According to Masi, “The Neapolitan episode [of Sophia’s 1963 film “Ieri, oggi, e domani”] was, in some way, prophetic: during the shooting Sophia realized that she was pregnant for real.” But Masi goes on to say that the actress “lost the baby in the fourth month of her pregnancy.”

At the time Sophia was married to producer Carlo Ponti. Would he have accepted the baby, had it been carried to full term? Probably not. Was abortion an option? Not in the 1960s in Italy. Adoption? Well, that would have been the only reasonable option. And the movie studio almost certainly had a great interest in keeping the whole thing secret. Sophia had a lucrative career ahead of her, and she simply could not afford a scandal.

There was more. Throughout her childhood Maria was always told how different she was from other members of her family. She looked like none of them. They were stocky, dark skinned, dark haired, dark eyed. Maria was slender, fair, blonde, and green-eyed. Most significant, she was the only person in the entire family named Maria. Neither Giovanni nor Restituta would ever explain why they did not name their daughter either after themselves or their parents. Maria is the name of Sophia’s sister.

And still more. “Between Strangers,” released in 2002, is Sophia’s 100th film. It was written and directed by Edoardo Ponti, her son. In it she plays an unhappily married woman who reveals a dark secret, for which she is very ashamed. And that is, many years ago she gave up a daughter for adoption.

In one scene, Sophia as Olivia says to Max: “You don’t know how I felt holding my daughter in my arms. If only I didn’t let her go that day.” She pauses. “My father didn’t take my daughter away from me, Max. I gave her up myself.”

“Olivia, you were only a child,” Max says.

“I could have held on tighter. You can’t imagine what a strong and beautiful woman she is now.”

“Where do you think she got it from? Hmmm? Where do you think she got it from?”


And finally, photos of Maria show an unmistakable resemblance to those taken of Sophia and Marcello in the 60s. Chiara Mastroianni, daughter of Marcello and Catherine Denueve, also resembles Maria.


John shared with Maria all the information he had found. He told her while this was a somewhat persuasive circumstantial case, it was not proof beyond a reasonable doubt. The only way to resolve the issue, he said, was either DNA or a confirmation or denial from Sophia. Maria replied she would never submit a DNA sample. Why? “First that woman abandoned me,” she said. “Now I’m supposed to prove it!” Maria instead asked John if he could find a way of contacting Sophia privately, and put the question to her. He said he would try his best.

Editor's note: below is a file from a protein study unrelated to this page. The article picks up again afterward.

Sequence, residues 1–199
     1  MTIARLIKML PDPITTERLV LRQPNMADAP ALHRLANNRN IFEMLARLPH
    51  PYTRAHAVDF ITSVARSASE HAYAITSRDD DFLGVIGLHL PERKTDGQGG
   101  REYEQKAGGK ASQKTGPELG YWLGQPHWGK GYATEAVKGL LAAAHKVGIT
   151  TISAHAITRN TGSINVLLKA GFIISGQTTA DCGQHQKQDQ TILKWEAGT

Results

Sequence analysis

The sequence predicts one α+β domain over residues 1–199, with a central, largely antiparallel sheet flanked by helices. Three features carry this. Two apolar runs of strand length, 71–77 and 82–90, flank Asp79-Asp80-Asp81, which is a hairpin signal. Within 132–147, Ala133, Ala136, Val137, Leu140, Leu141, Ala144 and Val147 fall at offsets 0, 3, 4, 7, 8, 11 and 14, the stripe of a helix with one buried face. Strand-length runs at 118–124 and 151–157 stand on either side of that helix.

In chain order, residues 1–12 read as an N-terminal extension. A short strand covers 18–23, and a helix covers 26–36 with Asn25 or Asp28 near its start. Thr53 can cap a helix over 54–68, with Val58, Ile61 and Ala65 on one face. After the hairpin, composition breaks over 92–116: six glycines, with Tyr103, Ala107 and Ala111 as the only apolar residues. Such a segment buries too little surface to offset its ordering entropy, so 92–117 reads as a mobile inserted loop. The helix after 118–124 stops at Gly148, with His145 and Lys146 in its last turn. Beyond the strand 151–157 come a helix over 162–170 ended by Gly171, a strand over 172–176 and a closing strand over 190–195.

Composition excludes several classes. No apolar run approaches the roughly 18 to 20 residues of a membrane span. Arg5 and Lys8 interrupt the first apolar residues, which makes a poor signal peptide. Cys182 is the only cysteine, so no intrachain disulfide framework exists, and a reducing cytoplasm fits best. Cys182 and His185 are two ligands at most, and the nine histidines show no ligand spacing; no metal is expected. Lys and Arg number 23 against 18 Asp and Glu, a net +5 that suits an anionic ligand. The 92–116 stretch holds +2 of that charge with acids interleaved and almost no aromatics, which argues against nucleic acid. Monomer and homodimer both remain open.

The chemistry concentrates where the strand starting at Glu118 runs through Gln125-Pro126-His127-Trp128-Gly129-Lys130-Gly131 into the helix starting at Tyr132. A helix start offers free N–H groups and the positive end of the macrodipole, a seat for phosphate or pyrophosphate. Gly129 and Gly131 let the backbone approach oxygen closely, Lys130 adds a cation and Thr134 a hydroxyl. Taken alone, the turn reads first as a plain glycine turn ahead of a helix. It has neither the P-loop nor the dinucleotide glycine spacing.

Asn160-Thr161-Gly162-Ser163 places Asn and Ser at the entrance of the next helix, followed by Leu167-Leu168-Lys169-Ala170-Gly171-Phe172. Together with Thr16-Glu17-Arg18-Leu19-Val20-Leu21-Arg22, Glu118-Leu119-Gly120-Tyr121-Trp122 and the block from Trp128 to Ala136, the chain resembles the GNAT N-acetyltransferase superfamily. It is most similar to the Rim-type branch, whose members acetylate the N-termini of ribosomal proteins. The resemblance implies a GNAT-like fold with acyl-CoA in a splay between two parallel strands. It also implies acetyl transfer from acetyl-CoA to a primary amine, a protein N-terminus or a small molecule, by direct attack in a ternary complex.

He wrote to literally hundreds of investigative reporters, journalists, editors and literary agents throughout the US and Europe. He outlined the story and asked them if they would help him get in touch with Sophia. The vast majority of these people did not reply. Those who did reply were highly skeptical and dismissive. They seemed to believe that Maria and John were greedy charlatans, hoping to make some money with a false maternity allegation.

In August, 2003, After nearly a year of failed attempts to contact Sophia privately, John gave an interview to a reporter from Il Golfo, hoping the story might spread over Europe and the US, and perhaps thus prompt Sophia to reply. The story did indeed go around the world. Most significantly, no journalist or investigative reporter ever uncovered any evidence to disprove the maternity allegation.

Despite that Sophia remains silent. She has not confirmed or denied she is Maria’s mother. A lawyer who manages Sophia’s marketing image initially told John he would ask Sophia to comment, but then he went silent. John’s subsequent letters and emails were unanswered.

In May, 2005, Maria finally agreed to submit a DNA sample to American Medical Services, a respected world-wide laboratory. John notified Giovanna Cau, Sophia’s attorney in Rome, that the sample had been submitted and hoped that Ms. Loren would be kind enough do the same. Ms. Cau wrote back saying that she no longer represents Sophia, and does not know who does. This was still another in a long series of dead ends, frustrations.

I asked John why Maria has not taken legal action to compel Sophia to address this issue. There is, after all, a sufficient amount of circumstantial evidence to support asking the question, and it’s a question that Maria has a legal and moral right to ask.

“There are two reasons,” John replied. “One is that Maria does not want anything from Sophia, other than the truth, one way or another. Another is that she does not have the financial resources to hire lawyers.”

In October, 2005, John completed the writing of DROWNING, a novel that describes in meticulous detail the entire story of his convoluted romance with Maria and the acute emotional tailspin she went into when she learned of the adoption. It’s a long and sometimes painful narrative. And in March, 2006, John completed MEMORIA NERA, a personal memoir. Both have been accepted for publication online at PulpBits.com. (Maestro is happy to say that he is in the process of translating both these books into Italian, and will submit them to publishers on John’s behalf when they are complete.)